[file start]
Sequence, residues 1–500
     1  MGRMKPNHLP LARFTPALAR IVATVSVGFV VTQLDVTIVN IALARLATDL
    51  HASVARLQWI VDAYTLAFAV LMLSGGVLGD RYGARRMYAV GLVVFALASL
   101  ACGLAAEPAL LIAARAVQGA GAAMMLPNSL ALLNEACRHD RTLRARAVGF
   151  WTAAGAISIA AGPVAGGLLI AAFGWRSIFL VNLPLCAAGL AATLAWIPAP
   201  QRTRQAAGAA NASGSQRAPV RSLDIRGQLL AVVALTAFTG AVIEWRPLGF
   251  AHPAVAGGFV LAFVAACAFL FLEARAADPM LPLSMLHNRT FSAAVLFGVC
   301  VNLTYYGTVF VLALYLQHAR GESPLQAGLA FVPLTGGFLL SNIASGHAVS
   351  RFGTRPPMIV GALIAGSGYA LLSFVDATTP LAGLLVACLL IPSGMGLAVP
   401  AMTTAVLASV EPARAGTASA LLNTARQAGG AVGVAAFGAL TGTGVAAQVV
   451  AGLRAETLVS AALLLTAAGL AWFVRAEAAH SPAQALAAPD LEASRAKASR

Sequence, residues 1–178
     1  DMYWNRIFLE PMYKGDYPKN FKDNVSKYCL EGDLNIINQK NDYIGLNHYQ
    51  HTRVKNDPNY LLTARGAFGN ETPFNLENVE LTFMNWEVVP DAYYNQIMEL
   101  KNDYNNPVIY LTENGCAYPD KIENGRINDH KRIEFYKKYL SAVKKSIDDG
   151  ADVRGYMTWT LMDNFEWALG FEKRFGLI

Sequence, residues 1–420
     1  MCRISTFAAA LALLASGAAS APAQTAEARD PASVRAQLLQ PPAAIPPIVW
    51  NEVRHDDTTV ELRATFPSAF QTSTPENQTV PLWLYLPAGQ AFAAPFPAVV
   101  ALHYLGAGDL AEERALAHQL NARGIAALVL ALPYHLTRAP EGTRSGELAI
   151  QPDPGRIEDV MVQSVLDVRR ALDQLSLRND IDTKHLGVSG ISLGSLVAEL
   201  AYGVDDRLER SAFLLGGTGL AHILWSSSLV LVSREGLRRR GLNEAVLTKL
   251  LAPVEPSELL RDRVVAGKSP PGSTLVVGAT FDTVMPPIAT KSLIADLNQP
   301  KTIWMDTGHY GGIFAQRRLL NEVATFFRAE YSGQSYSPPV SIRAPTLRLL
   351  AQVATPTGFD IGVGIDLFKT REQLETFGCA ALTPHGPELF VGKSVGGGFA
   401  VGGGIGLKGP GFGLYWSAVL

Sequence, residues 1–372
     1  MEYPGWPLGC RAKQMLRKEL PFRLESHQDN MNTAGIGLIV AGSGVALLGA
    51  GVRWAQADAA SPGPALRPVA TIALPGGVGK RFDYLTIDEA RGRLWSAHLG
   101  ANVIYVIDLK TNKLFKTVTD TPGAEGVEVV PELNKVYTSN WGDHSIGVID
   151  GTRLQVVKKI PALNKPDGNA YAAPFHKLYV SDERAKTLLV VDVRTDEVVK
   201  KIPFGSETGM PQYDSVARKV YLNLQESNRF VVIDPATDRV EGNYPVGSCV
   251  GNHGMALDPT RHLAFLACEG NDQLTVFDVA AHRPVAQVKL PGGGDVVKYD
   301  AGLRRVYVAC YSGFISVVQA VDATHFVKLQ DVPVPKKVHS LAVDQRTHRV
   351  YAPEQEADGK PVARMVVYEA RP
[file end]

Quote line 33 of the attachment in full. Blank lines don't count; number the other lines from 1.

   251  GNHGMALDPT RHLAFLACEG NDQLTVFDVA AHRPVAQVKL PGGGDVVKYD